How Jason Kidd’s Training Style Will Impact Veterans

The Dallas Mavericks hired Jason Kidd as the team’s head coach after Rick Carlisle resigned. This won’t be Kidd’s first stop. The Hall of Fame point guard previously served as a head coach in Brooklyn and Milwaukee with mixed results.

Giannis Antetokoumpo often credits his former coach with helping him become a superstar. In her recently released biography, “Giannis: The Improbable Rise of an MVP” by Mirin Fader, they briefly dive into her relationship with Kidd and some of the ruthless coaching methods used by the Hall of Famer in Milwaukee.

With Kidd recently named head coach of the Mavs, some of the stories in this book deserve more attention from Dallas fans.

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The most disturbing example came after a loss to the Hornets in late 2014. Kidd was furious after the Bucks wasted what was described as a “winnable game” at home. After hating responses from team veterans Zaza Pachulia and Jared Dudley for what the team deserved for the performance, he concluded he would hold practice at 9:00 a.m. the following day. Players were understandably upset as Christmas was two days away, and most of them had arranged flights to see their families over the holidays.

This practice was described as hell as Kidd forced the guys to run for almost three hours. Kidd was verbally abusive towards the players, and it even got so bad that Bucks center Larry Sanders had to go to the hospital. Among other things, this strained Kidd’s relationship with the players.

Not everything is wrong with Kidd. He had a great relationship with Giannis and Jared Dudley pointed out that Kidd “laid the groundwork” for the Bucks championship.

The Hall of Famer developed players and was part of the eventual success of guys like Giannis and Khris Middleton.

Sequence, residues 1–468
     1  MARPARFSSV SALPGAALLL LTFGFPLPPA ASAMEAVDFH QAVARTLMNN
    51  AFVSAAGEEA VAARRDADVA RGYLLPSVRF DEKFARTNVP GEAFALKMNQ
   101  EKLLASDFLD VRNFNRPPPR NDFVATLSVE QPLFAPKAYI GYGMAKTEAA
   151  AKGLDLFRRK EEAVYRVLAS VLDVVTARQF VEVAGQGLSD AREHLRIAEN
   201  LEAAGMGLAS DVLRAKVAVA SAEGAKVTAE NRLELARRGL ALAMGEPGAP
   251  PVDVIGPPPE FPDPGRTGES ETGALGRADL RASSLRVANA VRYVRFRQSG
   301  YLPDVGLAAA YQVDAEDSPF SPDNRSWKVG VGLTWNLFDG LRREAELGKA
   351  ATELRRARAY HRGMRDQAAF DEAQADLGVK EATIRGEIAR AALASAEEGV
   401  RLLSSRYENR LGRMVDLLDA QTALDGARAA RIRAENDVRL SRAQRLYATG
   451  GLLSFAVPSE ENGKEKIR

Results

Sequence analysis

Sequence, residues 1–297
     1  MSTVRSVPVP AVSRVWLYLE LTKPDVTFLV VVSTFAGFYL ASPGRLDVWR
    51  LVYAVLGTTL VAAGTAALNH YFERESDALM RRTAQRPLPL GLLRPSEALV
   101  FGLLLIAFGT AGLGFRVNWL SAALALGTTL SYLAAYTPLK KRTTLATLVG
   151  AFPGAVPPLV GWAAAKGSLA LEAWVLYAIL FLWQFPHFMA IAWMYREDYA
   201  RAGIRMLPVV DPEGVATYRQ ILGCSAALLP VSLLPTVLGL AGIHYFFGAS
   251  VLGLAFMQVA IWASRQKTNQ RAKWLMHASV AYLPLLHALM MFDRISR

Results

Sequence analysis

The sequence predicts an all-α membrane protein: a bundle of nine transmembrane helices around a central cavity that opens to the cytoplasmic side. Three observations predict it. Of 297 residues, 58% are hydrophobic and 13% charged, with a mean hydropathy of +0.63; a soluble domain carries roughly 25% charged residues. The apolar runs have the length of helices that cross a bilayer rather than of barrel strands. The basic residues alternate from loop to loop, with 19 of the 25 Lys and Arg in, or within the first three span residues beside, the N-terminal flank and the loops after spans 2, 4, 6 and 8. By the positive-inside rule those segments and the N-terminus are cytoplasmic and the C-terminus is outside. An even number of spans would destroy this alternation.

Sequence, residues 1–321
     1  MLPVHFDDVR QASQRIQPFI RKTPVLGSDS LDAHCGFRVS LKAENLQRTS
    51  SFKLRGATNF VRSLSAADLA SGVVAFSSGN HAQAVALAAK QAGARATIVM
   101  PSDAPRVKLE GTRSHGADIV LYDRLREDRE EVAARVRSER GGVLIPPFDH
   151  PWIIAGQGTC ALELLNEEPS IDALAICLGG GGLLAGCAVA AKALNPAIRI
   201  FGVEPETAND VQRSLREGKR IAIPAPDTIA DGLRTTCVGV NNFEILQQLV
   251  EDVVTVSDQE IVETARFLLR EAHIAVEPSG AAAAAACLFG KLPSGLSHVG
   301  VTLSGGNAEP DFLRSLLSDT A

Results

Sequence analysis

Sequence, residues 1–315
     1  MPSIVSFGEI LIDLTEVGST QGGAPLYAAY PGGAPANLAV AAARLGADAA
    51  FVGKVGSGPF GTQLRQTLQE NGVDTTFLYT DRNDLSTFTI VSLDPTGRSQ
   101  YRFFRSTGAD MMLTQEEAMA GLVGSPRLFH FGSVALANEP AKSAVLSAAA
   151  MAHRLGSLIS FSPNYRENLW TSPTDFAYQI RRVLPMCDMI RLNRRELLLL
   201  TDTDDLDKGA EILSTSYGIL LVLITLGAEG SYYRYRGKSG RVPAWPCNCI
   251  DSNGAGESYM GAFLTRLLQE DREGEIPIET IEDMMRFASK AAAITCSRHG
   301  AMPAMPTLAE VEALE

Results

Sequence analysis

The Mavs don’t have an old roster and most veterans are only around 30 years old. Keep in mind that guys under 30 have played in playoff games and are seasoned enough to be called veterans. These big players won’t respond to someone who treats players the way Kidd has done in his previous stops. More starting players don’t want to be treated like they were in high school, and being a swift-type enforcer is a great way to lose them.

One of the main reasons Jason Kidd was hired is that he seems to be a good fit for Luka. Kidd had many of the same skills on the pitch as Luka. They are both bigger guards who have advanced court vision and can rebound. Kidd will be spending more personal time with Luka, and that’s okay.

If Kidd brings that same over-the-top disciplinary attitude while turning his attention to Luka, it could rub the players the wrong way. Kidd will make Luka a better basketball player, but improving a guy isn’t what fans want in Dallas.

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A big pro for hiring Kidd is that he offers something that Rick Carlisle didn’t. Jason Kidd brings a fiery attitude that is required. That being said, there is a fine line between fiery passion and a tough drill sergeant trying to impose his power. Kidd needs to find a way to get the most out of the supporting veterans because that’s what will decide his job with the Dallas Mavericks.